I grew up out here, with generations of family members before me, to an environmental leaning mother and a conservative leaning father. I am always astonished at the overlap between the two "competing sides" for control over the rights/privileges the western states have.

In my experience, the nastiest fighters, the heaviest punchers, the most brutish bullies have evolved that way from the lack of understanding and experience with the resource they are fighting for. Like they say, there is no zealot like a convert, and that has certainly been true for many of the transplanted "fighters". People move here with a lack of understanding as to the scale of interconnectedness that all natural resource based decision have. Not to exempt us locals, often this clash brings up defense mechanisms that have every bit as much sting. In order to know something well enough to fight, it must be a deeper understanding, and more than a visceral "feeling" that many fights begin with.

I often feel very defensive and angry with ignorant agendas that show a blatant lack of knowledge about the resources involved, both directly and indirectly. Though I wish it would stop, I can't turn my back on the place that my family has lived, and loved, for hundreds of years. It's hard to keep the peace out here, I agree, but when I need peace, there's nowhere else I can get it than here.
Jon Schwedler
Jon Schwedler
Feb 07, 2014 01:10 PM
Speaking as a native Marylander who has since has moved West, please consider the sounds you aren't hearing, Joe. The Chesapeake was once called "a great protein factory", so productive that islands in the middle of the Bay maintained their Elizabethan speech, so economically insulated by the bounty of the Bay were they-- those folks simply didn't need to bother adjusting to the culture of the "Western Shore" (the side with the Potomac). Today these same island communities are whithered, made extinct in my lifetime by the same greedy self-interest tragedy of commons that stresses Western landscapes today. Ask the oystermen; tell me where the skipjacks still ply. Blue crabs, rockfish, and menhaden are the wolves, elk, and sheep of your new landscape.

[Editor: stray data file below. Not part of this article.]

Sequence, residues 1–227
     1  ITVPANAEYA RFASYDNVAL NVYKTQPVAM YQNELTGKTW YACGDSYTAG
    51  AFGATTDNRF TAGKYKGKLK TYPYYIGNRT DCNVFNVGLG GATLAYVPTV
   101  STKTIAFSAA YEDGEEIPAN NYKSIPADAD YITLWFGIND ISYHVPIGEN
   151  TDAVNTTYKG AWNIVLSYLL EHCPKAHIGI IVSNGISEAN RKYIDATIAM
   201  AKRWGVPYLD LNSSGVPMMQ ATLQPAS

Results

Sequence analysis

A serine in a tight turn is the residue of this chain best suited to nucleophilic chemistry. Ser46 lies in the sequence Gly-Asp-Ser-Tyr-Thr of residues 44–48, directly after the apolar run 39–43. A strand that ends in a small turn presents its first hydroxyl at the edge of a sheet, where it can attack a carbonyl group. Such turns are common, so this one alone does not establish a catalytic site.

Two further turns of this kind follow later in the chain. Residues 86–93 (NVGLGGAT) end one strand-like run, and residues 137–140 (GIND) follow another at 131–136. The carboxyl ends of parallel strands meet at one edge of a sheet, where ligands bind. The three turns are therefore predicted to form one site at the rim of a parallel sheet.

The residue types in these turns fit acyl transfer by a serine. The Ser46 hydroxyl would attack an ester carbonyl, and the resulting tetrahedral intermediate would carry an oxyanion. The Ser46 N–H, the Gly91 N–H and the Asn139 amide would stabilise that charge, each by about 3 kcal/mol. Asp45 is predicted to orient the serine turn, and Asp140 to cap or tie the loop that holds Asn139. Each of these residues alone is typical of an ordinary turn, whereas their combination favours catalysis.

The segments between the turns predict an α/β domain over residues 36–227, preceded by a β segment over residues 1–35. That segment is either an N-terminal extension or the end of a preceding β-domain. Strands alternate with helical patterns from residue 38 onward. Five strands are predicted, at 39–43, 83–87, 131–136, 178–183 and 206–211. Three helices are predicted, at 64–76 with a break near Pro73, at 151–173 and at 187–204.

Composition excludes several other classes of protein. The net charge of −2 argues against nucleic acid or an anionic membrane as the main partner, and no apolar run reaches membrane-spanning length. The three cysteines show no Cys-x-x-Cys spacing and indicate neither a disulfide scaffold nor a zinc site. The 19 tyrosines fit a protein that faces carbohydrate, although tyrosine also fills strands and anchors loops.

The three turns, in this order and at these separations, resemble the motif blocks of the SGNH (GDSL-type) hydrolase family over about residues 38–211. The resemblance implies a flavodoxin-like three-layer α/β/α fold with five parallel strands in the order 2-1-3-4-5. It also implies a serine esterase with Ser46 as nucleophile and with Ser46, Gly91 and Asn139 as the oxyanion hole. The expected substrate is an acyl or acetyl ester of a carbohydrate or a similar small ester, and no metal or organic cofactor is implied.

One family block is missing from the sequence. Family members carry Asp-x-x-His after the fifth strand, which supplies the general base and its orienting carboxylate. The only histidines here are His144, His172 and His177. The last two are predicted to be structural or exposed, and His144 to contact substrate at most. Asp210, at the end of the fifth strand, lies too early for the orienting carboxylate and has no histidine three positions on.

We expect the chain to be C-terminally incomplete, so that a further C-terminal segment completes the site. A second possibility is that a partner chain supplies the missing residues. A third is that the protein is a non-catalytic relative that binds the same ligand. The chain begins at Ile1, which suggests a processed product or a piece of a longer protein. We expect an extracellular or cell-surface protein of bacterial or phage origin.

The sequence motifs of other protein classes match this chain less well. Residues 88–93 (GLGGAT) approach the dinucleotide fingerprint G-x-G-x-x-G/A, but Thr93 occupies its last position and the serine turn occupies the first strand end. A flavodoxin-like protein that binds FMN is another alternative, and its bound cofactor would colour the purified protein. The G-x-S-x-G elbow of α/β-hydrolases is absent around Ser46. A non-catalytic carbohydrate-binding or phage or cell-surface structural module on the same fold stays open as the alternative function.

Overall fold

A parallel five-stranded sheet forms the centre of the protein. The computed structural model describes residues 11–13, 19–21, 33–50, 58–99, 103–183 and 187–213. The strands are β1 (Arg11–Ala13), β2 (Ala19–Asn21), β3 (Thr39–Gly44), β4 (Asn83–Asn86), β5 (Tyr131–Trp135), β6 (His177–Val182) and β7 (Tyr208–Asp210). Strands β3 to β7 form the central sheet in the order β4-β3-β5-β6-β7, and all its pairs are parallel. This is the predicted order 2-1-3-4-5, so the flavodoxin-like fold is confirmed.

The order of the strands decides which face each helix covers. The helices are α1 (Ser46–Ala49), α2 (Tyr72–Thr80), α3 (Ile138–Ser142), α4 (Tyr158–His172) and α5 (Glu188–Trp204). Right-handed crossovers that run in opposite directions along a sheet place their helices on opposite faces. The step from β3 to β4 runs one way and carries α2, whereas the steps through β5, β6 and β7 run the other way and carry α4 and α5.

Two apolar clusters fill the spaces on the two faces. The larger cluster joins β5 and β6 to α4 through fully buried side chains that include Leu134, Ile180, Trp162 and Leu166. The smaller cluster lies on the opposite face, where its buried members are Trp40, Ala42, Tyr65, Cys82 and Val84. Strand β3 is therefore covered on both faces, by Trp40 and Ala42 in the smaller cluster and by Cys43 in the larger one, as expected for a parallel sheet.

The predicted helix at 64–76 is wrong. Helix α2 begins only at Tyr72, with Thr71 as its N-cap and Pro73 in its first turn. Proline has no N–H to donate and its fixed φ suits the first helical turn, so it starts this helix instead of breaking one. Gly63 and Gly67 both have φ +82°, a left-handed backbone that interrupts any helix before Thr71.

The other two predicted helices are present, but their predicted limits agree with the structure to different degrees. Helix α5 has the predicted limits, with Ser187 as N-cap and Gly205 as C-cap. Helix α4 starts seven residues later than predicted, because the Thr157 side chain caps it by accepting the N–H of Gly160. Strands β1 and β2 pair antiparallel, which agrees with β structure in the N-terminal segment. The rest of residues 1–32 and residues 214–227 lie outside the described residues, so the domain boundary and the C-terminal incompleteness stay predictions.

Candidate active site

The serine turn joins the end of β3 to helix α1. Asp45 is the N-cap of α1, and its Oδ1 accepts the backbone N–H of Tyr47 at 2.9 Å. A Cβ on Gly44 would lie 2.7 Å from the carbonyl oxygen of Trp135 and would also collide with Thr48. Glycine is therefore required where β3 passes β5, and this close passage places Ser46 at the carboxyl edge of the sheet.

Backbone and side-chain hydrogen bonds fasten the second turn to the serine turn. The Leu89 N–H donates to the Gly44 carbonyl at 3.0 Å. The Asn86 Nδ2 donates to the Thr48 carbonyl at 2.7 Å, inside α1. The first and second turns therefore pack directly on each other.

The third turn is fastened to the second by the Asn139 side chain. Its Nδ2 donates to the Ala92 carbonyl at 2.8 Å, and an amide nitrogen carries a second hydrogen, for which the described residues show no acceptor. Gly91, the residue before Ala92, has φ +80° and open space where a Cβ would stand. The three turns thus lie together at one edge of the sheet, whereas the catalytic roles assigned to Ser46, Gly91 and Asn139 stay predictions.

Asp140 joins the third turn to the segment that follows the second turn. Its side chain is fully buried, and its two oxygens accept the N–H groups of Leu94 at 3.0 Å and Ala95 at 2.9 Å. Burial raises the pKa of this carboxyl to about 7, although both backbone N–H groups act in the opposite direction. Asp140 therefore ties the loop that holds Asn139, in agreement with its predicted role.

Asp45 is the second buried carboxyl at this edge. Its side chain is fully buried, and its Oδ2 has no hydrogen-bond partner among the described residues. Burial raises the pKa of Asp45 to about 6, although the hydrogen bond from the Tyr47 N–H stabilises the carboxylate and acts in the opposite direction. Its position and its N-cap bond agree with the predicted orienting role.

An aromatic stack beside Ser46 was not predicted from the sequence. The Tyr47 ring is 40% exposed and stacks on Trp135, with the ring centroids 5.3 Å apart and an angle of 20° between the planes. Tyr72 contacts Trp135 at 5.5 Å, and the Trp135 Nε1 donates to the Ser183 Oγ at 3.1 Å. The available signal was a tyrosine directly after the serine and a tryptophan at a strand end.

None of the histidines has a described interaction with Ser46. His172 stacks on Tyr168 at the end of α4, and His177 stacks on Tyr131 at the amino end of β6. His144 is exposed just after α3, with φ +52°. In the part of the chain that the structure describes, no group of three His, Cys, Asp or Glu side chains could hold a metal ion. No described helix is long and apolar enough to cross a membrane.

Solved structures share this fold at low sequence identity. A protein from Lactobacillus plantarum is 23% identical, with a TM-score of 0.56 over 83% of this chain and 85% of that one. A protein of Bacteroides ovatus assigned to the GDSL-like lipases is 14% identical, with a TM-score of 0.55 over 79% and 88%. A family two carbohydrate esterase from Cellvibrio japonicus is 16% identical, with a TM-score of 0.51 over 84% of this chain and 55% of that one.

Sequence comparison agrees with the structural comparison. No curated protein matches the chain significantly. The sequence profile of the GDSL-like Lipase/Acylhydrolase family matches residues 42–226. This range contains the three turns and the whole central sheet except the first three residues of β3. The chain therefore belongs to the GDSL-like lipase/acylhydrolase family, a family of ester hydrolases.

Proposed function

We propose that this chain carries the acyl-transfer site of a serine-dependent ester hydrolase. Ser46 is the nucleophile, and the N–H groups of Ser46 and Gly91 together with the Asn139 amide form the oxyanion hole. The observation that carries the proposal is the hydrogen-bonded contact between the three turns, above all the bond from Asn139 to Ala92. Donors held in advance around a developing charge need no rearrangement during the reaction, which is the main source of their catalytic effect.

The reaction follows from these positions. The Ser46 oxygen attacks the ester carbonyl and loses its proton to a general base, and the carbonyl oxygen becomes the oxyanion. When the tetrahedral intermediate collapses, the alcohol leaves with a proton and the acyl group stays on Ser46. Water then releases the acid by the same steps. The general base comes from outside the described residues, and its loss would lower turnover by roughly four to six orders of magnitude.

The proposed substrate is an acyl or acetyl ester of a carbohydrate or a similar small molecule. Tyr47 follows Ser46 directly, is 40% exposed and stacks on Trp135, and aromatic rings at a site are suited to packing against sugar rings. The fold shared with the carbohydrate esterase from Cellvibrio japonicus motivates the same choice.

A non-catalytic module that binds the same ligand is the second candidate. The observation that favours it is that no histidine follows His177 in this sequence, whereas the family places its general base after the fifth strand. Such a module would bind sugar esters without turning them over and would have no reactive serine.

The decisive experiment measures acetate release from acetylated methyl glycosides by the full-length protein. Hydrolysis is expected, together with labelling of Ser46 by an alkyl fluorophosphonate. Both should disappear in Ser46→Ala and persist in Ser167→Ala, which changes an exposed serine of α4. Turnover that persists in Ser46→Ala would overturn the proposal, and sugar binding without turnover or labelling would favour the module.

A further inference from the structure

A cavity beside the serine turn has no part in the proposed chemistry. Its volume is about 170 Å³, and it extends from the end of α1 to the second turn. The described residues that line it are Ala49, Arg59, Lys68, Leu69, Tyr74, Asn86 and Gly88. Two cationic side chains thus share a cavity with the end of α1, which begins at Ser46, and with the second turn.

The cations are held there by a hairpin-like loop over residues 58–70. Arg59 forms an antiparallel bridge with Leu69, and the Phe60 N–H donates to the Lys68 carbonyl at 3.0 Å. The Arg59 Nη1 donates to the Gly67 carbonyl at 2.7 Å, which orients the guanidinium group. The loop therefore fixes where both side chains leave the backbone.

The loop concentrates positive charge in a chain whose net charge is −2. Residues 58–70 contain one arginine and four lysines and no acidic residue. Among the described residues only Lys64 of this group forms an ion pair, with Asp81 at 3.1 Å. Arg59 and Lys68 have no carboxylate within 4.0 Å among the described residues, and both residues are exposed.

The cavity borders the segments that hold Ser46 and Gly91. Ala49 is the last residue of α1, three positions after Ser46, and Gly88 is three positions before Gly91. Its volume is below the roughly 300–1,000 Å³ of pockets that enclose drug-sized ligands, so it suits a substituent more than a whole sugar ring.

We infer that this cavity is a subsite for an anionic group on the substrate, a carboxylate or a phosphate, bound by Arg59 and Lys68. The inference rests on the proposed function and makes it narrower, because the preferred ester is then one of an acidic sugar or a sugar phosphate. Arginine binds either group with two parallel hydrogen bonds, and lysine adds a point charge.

It is probably true there is more civility on the Eastern Shore, but it is hard won. Part of it is resignation and sadness over the loss; part of it is realizing what happens when you think you are your own island. In short, you sink. That applies to sheepherders as much as to watermen, and all of us in our country are so much the poorer.

Speaking of sinking, some of those same Chesapeake islands may actually do just that, thanks to the naysayers of climate change from your part of the country.
Margaret Bortko
Margaret Bortko
Feb 07, 2014 05:50 PM
Perhaps you have simply aged into quiet matter you have lived. I am from a small town in Montana and attempted to live on the Eastern Shore last year. I followed my love as he followed his career as he was not able to make it as a boat builder in the Rockies. I felt smothered there. I could not find reprieve in the was all private. I could not drink the was toxic. The corn fields were GMO. The chicken farms clouded the humid air with the stench of over-crowded corporate urine and manure...These birds were slaughtered slowly, 60,000 at a time with a lethal foam filling their airways.They were Tyson and Perdue chickens, reaching market weight in 6 weeks.The history of Delmarva is ripe with civil rights and the Underground Railroad.Harriet Tubman became my new heroine. The banks of the rivers are destroyed by an invasive rodent from South
America called the nutria. I saw no birds at the Blackwater
 Wildlife Refuge. In Montana, I see eagles and ospreys, elk, deer, antelope and coyote from my porch. I watch the Milky Way spill over my roof. Living in Maryland became torture for me...I was so removed from wild-ness. I missed my mountains, clear lakes and rushing rivers. I have decided to come
home to peace and quiet. At my mature age, I no longer fightfor a cause, but choose to live quietly for one. Enjoy the east coast. If you were able to leave the west so easily, it was never in your soul.